One of the things that was clear from reaction to this week's front page story on good nutrition (and how little it is taught in medical schools) is that readers are hungry for clear, reliable information.
The story was shared on social media hundreds of times, and readers -- patients and physicians both -- emailed me with questions.
In Tuesday’s story, which looked at the lackluster levels of nutrition education among physicians, I referred to a 2003 published report which found that that the majority of internists and cardiologists who responded to the survey did not know a low-fat diet would increase the level of triglycerides in the blood. High triglycerides increase the risk of heart disease.
Several concerned readers emailed, thinking I’d made a mistake. “In fact, my cardiologist told me just the opposite,” wrote one.
“I always thought that the trigyclerides would decrease with a low-fat diet,” wrote another. “Is your article correct?”
The confusion among both consumers and doctors illustrates why many are pushing to incorporate more nutrition education into the medical school curriculum.
SOURCE OF CONFUSION
It’s easy to assume a low-fat diet is the healthy way to go, especially since a diet low in saturated and trans fat was recommended by government agencies back in the 1980s.
And studies have shown it’s beneficial to cut out saturated fat and completely avoid trans fat, both of which definitely will help to lower elevated triglycerides.
HERE WAS THE CATCH
But a trade-off can occur when other, healthier fats such as vegetable oils are replaced with certain carbs -- something that commonly occurs when people switch to a low-fat diet.
Increasing carbs, especially the starchy or refined type, tends to increase triglycerides -- and lower HDL (the ‘good cholesterol.’)
A better way to go, according to a study I cited in the article, is a Mediterranean diet.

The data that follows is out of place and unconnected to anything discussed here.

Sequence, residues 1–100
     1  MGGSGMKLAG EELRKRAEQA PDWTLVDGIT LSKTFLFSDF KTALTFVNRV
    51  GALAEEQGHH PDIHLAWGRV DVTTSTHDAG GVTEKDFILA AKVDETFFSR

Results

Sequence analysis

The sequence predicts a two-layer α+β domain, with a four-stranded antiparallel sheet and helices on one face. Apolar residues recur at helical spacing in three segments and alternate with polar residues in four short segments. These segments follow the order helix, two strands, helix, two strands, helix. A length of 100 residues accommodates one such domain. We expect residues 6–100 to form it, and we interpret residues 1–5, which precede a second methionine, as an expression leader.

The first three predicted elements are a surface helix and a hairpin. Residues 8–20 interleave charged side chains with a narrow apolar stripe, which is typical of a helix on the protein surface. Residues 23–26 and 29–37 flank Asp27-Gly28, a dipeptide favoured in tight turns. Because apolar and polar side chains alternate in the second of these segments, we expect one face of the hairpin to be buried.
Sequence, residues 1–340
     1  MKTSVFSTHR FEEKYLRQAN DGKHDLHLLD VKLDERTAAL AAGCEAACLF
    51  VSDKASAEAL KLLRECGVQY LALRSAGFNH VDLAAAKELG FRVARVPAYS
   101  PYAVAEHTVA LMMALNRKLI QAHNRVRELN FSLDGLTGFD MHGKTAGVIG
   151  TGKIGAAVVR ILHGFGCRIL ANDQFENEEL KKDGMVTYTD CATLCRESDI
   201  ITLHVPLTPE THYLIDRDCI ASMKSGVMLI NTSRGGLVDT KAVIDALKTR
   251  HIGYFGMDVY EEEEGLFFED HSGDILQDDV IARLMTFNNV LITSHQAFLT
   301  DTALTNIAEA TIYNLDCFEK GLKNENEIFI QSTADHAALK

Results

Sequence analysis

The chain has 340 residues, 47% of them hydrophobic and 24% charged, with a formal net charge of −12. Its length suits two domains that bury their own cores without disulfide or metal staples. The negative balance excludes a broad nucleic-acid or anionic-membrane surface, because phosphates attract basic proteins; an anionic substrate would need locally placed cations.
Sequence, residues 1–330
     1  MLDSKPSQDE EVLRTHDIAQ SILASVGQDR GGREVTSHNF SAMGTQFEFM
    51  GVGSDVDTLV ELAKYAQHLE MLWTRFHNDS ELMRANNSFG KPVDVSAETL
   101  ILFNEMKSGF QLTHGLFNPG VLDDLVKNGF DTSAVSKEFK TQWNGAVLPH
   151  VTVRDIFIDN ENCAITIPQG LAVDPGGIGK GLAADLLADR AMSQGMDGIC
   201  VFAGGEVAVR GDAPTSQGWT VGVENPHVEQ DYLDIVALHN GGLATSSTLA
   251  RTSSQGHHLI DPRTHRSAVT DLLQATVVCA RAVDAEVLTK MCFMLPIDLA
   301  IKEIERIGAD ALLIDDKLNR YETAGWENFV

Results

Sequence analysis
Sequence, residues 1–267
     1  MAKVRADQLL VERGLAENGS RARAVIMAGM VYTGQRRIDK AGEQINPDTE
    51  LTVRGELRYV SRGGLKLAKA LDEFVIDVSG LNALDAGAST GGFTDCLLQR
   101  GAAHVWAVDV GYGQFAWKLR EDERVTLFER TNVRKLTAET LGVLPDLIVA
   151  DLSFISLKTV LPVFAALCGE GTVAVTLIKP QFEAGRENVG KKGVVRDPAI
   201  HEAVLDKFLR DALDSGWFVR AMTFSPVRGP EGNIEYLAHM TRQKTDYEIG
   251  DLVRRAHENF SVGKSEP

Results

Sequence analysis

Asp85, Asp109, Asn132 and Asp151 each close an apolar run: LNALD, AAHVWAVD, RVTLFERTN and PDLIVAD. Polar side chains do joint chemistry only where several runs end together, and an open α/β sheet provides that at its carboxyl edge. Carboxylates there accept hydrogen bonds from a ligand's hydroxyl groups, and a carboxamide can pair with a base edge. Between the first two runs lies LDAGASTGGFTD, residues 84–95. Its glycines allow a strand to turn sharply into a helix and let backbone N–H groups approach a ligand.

Getting results out of dietary changes depends not only on what you stop eating, but also what you replace it with.
WHAT THE MEDICAL SYSTEM LEARNED
The other lesson that became clear while reporting this story was a growing realization that misunderstandings about nutrition can arise for simple reasons: It isn't taught all that much.
As we showed this week, the number of hours medical schools devote to teaching nutrition to physicians over four years has only moved from 21 hours in 1985 -- when the National Academy of Sciences identified the shortfall -- to 22.3 hours in 2004.
Research suggests that physicians don't feel comfortable, confident or adequately prepared to give nutrition advice, I learned from Kelly Adams, a research associate in the department of nutrition at the University of North Carolina.
Plus, when patients learn they need to alter their diet for medical reasons, they've got a lot on their mind. It's a bad time to focus on details.
"The patients we see are in sensory overload — a new diagnosis, an evaluation of lifestyle, new medicines, perhaps recent procedures and then diet issues," said Dr. Clyde Yancy, chief of cardiology at Northwestern University's Feinberg School of Medicine.
What patients need most is coaching and support that can help them make lasting behavioral changes, but that's no easy task, Yancy told me. "We (physicians) may lead the team, but it does take a village and requires having access to good information and an expert dietitian," he said.
Happy to help with the information.
-- Julie DeardorffCopyright © 2015, The Baltimore Sun